Monday, May 29, 2023


Trip report: OFO Field Trip at Porcupine Lake - Timmins Area 

Four participants joined me on May 21st, 2023 for the OFO Field Trip at Porcupine Lake and area. It was 3°C with a wind chill factor of -1°C when we started at 7am at the White Waterfront Conservation Area, with heavy north winds gusting between 30-50 km/h. 

Least Sandpiper (21 May 2023)
OFO Field Trip - Porcupine Lake and Area

We started the morning by watching a small flock of Evening Grosbeaks taking cover in a shrub, a Least Sandpiper on the beach with a Killdeer, a young Bald Eagle being chased by an American Crow and a beautiful Sandhill Crane flying low over us. 

Sandhill Crane (21 May 2023)
OFO Field Trip - Porcupine Lake and Area

We moved to the east side of the lake in search of migrating waterfowl; a pair of Redheads was showing well along with a few Lesser Scaups, Common Goldeneyes and Ring-necked Ducks. 

Redheads (21 May 2023)
OFO Field Trip - Porcupine Lake and Area

After grabbing coffee to warm up, we walked the forested part of Porcupine Lake's Prospectors Trail hoping that warblers and other songbirds would be sheltering and feeding away from the high winds. We were not disappointed. If warblers were fewer than usual for May 21st in numbers, they sure made up for it in variety and awesome views! Ten different species of warblers were present along that short section of trail and all of us had wonderful views of Blackpoll Warbler, Bay-breasted Warbler, Cape May Warbler, Nashville Warbler, and a Black-and-white Warbler to name a few. We also saw a very cooperative Merlin. 

Group along the Prospectors Trail
OFO Field Trip - Porcupine Lake and Area

Group along the Prospectors Trail
OFO Field Trip - Porcupine Lake and Area

Bay-breasted Warbler (21 May 2023)
OFO Field Trip - Porcupine Lake and Area

Merlin (21 May 2023)
OFO Field Trip - Porcupine Lake and Area

Blackpoll Warbler (21 May 2023)
OFO Field Trip - Porcupine Lake and Area

By the time we moved on to the last location, it had warmed up to 9°C and the winds were slightly calmer. At this last spot we admired some Gadwalls, Northern Shovelers, and American Wigeons in the scope. The sheltered patch of mixed forest adjacent to the pond offered us good songbird diversity, with nine species of warblers, Least Flycatchers, and a surprise appearance by a male Bobolink singing away on a poplar branch! We had particularly great views of a Northern Parula, a Wilson's Warbler, a Palm Warbler, and a Chestnut-sided Warbler.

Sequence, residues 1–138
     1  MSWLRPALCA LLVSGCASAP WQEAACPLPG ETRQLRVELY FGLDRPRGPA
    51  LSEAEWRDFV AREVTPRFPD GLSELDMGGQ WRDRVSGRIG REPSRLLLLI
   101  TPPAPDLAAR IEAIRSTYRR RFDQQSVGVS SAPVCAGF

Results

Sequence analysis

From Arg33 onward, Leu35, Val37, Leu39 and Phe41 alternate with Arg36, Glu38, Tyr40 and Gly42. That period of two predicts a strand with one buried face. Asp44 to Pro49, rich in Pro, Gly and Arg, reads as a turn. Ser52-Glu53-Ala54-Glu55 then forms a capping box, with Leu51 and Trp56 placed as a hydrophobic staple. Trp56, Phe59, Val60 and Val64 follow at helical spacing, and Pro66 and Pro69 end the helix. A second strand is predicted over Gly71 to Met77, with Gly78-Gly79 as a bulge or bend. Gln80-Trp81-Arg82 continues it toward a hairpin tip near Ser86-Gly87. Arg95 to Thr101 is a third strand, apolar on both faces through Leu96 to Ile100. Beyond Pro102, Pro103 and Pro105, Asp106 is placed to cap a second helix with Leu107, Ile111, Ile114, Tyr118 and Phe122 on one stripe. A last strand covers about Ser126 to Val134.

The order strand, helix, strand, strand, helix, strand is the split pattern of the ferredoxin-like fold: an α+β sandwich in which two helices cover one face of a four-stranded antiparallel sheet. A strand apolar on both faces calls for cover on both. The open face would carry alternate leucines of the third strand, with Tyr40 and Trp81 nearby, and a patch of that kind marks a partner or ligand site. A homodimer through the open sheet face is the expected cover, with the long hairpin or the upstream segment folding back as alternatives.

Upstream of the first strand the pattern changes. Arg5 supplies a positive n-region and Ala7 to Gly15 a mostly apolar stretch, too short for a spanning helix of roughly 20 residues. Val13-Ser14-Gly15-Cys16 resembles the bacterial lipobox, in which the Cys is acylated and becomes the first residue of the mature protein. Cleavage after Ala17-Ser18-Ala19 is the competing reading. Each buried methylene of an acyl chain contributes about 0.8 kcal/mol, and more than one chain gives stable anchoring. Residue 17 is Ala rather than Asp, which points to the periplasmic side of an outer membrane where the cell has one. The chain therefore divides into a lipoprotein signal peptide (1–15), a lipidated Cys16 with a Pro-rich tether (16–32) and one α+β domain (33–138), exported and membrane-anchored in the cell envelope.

OFO Field Trip - Porcupine Lake and Area
Group scanning Porcupine Lake (21 May 2023)

Northern Parula (21 May 2023)
OFO Field Trip - Porcupine Lake and Area

Chestnut-sided Warbler (21 May 2023)
OFO Field Trip - Porcupine Lake and Area

Gadwall (21 May 2023)
OFO Field Trip - Porcupine Lake and Area

Palm Warbler (21 May 2023)
OFO Field Trip - Porcupine Lake and Area

Overall, it was a great day out with great people, and we observed a total of 59 species, including 17 different species of warblers. A sincere thank you to participants Mike Leahy, Ann Black, Joanne Bourdon, and Gary Dowe for a great day!

Check out the Ontario Field Ornithologists website for upcoming walks and meetings (look under the Field Trips and Webinars tab)

Local bird walks are also listed on the Timmins Area Birds site. Check often, as we will be adding more summer and fall walks shortly. 

Friday, April 7, 2023

2023 Spring migration and upcoming events in Timmins!

Spring Migration is on!

We are all very happy to welcome the first few migrating birds in the Timmins Area this week! We still have plenty of snow and only a few sections of some rivers are starting to show open water, but a few species have arrived. 

We'll be compiling the arrival dates together this year again (it'll be the 7th year). See the Timmins Area Spring Arrival Dates page for a list of new arrivals. You can view all the arrival dates compiled since 2017 on the following sheet: Timmins Birds Arrival Dates 2017-2022 (PDF)

Upcoming bird walks in the Timmins area

Some spring bird walks have already been posted on the Timmins and Area Birds page. These are all free and open to everyone interested in birds. Visit the Upcoming Bird Walks page for details and registration info. More walks will be added soon, so check the page again before May! 

Ontario Breeding Bird Atlas-3 - Kicking off the 3rd year!

We are excited to start the 3rd year of the Ontario Breeding Bird Atlas! If you are anywhere in Ontario and go out birding this summer, your sightings are all valuable. Here are 2 events coming up:

Region 41 Virtual Meeting: Atlassing Basics & How to Contribute to the Ontario Breeding Bird Atlas project.

Date/time: Wednesday, 19 April 2023 (7-8pm) Online. Contact for link.

The Ontario Breeding Bird Atlas project can often seem overwhelming due its various elements and surveys but contributing your bird observations is very easy. Every observation counts and makes an impact on bird conservation! Join us for a quick overview of the project and learn how every birder can contribute. Downloading the NatureCounts App prior to the meeting will be beneficial. 

* If you can't attend this meeting but would like to meet on another day for a quick session on how you can contribute, don't hesitate to contact me. I'd be happy to set up a meeting. 

Join us at Porcupine Lake to Kick-off the 3rd year!

Whether you are an atlas participant or a birder who would like to learn more about how you can contribute to the Ontario Breeding Bird Atlas, join us for this fun morning as we kick off the 3rd year of the project!